KakaoTalk now has 100 million users
WeChat wasn’t the only messaging app celebrating a milestone last week; Korean-born KakaoTalk has now surpassed 100 million users, a year after hitting 50 million. Its growth, fuelled largely by its social gaming platform that allows competition between chat buddies, has seen it surpass Facebook as Korea’s largest social network.
Bebo bought back by old owners for $1 million
The social network Bebo has been bought back by its inventors, Michael and Xochi Birch, for $1 million. The pair owned 70% of the business when it was sold to AOL for $850 million in 2008, making a huge $595 million between them. Now the pair are looking to breathe some life back into the platform, which has been as good as dead since 2010, as per the below tweet.
We just bought Bebo back for $1m. Can we actually re-invent it? Who knows, but it will be fun trying…
— Michael Birch (@mickbirch) July 1, 2013
Google Reader dwarfed G+ for traffic until its closure
Buzzfeed have produced some interesting research about the amount of respective traffic driven by Google Reader and G+, finding that the former dwarfed the latter right up to its closure. Indeed, traffic from Google Reader to any of the ‘Buzzfeed network’, a set of sites with over 300 million collective users, had in fact increased by 6% over the few months since its closure was announced.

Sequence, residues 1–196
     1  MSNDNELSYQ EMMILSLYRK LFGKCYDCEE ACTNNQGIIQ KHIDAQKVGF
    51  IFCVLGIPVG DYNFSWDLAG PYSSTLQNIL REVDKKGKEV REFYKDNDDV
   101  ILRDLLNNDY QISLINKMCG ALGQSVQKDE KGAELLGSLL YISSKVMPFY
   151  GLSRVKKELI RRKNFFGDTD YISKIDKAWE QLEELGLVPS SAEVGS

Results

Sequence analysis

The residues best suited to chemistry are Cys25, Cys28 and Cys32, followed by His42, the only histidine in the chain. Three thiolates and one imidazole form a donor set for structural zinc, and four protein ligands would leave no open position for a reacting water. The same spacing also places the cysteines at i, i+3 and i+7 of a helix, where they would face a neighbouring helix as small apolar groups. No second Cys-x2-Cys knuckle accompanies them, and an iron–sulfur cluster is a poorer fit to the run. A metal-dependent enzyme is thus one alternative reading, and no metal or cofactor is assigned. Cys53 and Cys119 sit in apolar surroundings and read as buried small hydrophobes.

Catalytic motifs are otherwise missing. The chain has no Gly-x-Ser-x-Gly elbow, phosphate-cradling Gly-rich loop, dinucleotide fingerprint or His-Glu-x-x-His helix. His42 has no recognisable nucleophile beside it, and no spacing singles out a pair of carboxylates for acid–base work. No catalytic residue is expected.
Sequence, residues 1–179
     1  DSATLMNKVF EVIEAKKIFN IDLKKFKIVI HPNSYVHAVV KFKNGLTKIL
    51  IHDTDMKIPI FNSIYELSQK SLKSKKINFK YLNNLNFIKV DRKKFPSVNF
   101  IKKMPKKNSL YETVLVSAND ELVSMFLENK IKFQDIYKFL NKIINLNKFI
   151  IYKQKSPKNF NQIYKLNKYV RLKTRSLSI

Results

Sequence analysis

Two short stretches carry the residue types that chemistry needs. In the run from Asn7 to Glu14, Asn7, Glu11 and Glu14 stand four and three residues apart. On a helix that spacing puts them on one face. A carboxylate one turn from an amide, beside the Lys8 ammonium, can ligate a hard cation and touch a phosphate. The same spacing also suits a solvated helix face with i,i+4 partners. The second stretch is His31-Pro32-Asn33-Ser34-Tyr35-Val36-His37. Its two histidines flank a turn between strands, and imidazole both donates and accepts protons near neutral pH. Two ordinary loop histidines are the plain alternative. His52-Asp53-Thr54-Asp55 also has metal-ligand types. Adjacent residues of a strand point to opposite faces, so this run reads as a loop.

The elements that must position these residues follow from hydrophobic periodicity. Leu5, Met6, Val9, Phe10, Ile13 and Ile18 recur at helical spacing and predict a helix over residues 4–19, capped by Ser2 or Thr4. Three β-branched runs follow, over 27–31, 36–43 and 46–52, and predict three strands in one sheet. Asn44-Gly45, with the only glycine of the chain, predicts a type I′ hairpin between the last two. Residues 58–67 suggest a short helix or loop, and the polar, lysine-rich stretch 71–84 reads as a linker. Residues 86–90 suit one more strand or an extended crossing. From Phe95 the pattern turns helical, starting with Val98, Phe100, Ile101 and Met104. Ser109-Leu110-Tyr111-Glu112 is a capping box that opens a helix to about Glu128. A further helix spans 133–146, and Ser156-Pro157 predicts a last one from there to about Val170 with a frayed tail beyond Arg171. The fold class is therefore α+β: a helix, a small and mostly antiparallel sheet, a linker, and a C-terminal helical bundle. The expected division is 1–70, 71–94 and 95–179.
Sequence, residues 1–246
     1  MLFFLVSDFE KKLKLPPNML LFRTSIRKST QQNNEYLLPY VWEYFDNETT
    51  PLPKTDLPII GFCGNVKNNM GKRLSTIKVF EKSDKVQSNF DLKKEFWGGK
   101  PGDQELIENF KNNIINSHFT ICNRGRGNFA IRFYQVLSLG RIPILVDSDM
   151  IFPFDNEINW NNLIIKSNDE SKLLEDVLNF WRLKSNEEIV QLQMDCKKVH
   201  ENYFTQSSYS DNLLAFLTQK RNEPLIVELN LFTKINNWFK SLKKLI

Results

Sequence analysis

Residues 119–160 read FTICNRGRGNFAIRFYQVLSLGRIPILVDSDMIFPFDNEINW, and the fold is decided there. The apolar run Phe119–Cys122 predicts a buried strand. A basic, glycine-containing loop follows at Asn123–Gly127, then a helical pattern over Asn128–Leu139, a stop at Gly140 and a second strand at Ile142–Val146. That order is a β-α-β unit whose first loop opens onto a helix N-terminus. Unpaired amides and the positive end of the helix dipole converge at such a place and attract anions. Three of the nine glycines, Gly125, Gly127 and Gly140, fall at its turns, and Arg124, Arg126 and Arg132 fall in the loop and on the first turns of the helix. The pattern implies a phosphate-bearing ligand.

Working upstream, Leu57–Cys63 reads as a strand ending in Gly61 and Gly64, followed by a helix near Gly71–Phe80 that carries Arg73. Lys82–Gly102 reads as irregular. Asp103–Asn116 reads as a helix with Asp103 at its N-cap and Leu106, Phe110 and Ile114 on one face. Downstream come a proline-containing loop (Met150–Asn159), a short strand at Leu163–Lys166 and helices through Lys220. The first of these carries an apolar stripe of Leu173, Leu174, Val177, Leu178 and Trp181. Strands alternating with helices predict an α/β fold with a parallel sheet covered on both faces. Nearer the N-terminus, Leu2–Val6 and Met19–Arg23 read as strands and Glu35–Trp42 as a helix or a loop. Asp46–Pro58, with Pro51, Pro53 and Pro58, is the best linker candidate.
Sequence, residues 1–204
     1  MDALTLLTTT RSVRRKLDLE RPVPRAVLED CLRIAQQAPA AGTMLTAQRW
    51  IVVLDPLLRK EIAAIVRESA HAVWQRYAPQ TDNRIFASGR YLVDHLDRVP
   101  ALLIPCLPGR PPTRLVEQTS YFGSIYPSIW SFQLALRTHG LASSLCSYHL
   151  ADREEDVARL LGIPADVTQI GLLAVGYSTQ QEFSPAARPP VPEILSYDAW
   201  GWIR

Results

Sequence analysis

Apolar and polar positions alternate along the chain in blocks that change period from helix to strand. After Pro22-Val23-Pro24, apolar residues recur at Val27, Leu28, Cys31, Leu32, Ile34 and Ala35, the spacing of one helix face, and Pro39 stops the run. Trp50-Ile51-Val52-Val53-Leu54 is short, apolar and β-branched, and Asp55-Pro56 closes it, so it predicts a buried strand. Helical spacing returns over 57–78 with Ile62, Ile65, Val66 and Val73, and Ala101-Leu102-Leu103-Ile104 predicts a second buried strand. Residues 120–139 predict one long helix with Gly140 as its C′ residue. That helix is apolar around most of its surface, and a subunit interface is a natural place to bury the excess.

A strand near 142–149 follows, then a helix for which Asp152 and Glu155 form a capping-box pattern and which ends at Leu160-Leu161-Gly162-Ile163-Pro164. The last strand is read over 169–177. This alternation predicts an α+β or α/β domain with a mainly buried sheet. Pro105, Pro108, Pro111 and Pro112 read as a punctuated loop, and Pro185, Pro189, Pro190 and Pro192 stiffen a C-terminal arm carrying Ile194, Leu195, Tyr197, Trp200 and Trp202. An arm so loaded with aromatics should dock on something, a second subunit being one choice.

Wimbledon on Twitter
Andy Murray’s triumph at Wimbledon captured hearts across the UK on Sunday night, so it’s no surprise that people were discussing it in their droves on Twitter. The 12 hours around the match saw a total of 3.4 million tweets on the topic, climaxing at 17.25 with the end of the match, at which point there were 120,000 Wimbledon tweets per minute, while 8 of the top 10 UK trends were related to the contest. Andy Murray’s own tweet about the final has already seen over 90,000 RTs and 70,000 favourites.
Can’t believe what’s just happened!!!!!!!